Two Plantations in Georgia
"To understand," Frederick Douglass said, "a man must stand under." Only by considering all the hardships a man has overcome in life, Douglass believed, can the rest of us judge him fairly. So it must be with Clarence Thomas. To understand how Thomas became one of the great intellectual and political rebels in American history, one must recall, in the context of his life, the unique evils that he and his fellow black Americans surmounted with such great struggle.
Thomas himself would eschew such an approach, but not for lack of respect for Frederick Douglass. Thomas often quotes Douglass, and a black-and-white portrait of the grizzled great man today peers over his shoulder from behind his desk in his Supreme Court chambers. Rather, Thomas, proudly independent to the point of vice, simply brooks no assessment of his life based on anything other than his own achievements. This policy is unduly modest, both toward himself and toward others of his race. Thomas's story cannot be fully comprehended, or his accomplishments given their full measure, without consideration of the broader history of racial injustice that forms the backdrop of his life and work.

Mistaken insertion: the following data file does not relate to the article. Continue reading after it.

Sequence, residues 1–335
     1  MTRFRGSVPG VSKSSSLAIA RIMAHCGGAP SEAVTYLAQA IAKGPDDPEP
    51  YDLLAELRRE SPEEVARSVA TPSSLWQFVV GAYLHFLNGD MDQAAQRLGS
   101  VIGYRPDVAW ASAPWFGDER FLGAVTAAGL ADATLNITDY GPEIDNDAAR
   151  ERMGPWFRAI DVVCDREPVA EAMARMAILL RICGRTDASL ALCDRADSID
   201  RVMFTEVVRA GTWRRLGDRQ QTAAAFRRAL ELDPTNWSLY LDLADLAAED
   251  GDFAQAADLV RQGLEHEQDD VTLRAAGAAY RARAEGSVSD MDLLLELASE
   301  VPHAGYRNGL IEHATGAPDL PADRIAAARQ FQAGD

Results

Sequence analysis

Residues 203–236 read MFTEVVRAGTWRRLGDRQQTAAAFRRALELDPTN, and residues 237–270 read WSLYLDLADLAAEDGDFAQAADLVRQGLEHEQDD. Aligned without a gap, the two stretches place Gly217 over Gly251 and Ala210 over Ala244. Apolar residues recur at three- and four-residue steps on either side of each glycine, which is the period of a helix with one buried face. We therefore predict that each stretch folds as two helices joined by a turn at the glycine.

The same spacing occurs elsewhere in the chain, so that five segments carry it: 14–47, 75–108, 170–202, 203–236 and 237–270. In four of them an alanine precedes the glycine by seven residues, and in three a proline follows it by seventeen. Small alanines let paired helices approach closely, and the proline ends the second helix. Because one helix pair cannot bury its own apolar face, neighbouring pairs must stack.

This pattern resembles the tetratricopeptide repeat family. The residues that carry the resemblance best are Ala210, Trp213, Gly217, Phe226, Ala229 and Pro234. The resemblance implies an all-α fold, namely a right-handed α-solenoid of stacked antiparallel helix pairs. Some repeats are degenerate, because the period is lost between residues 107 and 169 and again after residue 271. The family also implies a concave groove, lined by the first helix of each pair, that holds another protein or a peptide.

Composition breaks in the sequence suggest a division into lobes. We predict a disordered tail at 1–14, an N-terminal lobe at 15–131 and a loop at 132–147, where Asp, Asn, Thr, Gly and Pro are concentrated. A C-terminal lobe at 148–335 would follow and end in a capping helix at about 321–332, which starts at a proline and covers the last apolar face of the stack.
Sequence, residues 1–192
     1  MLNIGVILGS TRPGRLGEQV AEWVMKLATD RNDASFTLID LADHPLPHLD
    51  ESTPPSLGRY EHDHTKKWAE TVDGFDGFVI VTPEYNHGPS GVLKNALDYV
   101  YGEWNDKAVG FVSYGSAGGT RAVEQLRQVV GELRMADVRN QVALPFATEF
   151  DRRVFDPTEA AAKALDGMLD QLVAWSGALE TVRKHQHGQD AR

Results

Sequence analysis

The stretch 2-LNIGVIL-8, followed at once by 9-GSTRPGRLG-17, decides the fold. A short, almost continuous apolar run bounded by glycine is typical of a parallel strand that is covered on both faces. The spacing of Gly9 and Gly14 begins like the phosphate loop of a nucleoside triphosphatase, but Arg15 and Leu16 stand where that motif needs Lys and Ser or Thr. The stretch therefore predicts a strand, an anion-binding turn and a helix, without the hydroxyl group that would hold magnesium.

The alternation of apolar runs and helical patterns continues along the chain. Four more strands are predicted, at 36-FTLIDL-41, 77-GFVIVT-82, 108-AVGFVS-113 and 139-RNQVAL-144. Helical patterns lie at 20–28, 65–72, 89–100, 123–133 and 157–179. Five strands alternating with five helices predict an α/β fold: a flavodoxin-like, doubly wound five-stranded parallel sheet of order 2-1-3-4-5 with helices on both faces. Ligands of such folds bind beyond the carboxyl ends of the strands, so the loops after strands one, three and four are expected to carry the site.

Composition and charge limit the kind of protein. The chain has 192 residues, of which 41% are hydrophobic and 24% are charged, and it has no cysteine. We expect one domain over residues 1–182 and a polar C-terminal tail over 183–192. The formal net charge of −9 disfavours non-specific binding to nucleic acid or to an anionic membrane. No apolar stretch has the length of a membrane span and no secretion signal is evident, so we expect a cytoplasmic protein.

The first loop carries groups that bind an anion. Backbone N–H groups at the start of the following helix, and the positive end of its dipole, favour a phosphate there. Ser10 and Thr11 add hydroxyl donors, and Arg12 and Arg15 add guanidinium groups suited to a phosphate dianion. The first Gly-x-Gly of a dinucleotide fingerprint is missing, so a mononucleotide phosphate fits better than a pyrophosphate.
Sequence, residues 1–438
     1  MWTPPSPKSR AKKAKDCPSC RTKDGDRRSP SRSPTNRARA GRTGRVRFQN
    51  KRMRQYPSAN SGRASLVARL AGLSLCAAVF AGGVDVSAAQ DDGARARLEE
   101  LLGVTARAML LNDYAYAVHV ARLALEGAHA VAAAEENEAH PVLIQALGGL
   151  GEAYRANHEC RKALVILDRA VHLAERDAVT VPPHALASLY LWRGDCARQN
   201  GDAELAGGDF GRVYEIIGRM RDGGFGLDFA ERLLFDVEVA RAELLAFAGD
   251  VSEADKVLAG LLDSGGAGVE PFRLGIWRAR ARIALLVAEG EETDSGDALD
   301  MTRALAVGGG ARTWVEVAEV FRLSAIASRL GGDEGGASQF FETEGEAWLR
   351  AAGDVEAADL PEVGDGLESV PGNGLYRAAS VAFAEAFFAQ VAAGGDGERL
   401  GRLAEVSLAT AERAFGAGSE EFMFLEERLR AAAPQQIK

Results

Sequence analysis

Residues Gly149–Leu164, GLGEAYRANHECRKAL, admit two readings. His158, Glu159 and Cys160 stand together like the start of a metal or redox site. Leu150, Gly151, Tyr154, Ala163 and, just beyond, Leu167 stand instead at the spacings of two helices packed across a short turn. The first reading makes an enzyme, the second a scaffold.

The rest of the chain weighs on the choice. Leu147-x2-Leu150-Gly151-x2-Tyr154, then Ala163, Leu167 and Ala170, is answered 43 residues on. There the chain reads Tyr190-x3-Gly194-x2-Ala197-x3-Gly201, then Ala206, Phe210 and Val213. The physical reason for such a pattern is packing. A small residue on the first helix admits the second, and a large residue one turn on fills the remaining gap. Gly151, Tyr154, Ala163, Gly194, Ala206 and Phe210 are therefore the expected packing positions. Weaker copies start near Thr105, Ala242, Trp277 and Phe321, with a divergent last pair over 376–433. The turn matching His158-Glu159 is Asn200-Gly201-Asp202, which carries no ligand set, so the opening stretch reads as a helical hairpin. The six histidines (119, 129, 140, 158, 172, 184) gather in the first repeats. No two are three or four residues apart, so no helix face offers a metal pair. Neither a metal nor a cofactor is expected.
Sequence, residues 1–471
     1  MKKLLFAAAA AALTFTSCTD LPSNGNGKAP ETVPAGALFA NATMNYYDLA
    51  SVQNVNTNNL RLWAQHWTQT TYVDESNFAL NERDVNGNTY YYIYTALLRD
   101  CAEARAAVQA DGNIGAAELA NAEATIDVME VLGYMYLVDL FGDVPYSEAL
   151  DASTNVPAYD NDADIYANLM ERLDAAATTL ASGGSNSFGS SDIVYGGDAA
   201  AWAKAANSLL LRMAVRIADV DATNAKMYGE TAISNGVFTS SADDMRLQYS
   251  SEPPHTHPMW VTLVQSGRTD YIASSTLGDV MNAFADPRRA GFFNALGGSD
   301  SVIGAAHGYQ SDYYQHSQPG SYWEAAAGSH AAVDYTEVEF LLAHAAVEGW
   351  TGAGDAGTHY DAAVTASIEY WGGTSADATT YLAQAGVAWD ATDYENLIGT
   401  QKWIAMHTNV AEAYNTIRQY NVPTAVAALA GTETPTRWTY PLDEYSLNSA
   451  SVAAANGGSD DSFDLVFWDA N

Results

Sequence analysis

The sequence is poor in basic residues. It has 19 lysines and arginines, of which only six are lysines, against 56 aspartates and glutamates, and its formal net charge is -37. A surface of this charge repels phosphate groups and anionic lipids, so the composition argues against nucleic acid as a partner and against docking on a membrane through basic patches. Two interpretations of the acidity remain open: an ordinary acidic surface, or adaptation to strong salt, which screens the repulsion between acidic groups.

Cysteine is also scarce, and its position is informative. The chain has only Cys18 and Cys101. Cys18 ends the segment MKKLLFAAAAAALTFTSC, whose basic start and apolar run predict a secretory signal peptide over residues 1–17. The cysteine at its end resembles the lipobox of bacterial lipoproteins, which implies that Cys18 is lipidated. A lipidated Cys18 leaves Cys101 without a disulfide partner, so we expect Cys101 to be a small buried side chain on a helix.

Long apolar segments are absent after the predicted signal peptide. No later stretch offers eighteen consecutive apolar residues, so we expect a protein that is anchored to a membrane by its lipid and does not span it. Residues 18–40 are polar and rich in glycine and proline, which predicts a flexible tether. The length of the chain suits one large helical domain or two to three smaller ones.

"We Afro-Americans are like hunters on the trail of truth," Thomas once observed. "The prey we stalk is: Who we are, What we have been, What we will become as individuals and as a people." The dearth of recorded black family history is a large impediment to this historical quest. One of the great enduring offenses of American slave owners was their policy of forbidding slaves to chronicle their lineage—even while they and other white Southerners became famously obsessed with documenting every last twig of their own family trees. This crime against history robbed black Americans of the firm ancestral ties crucial for a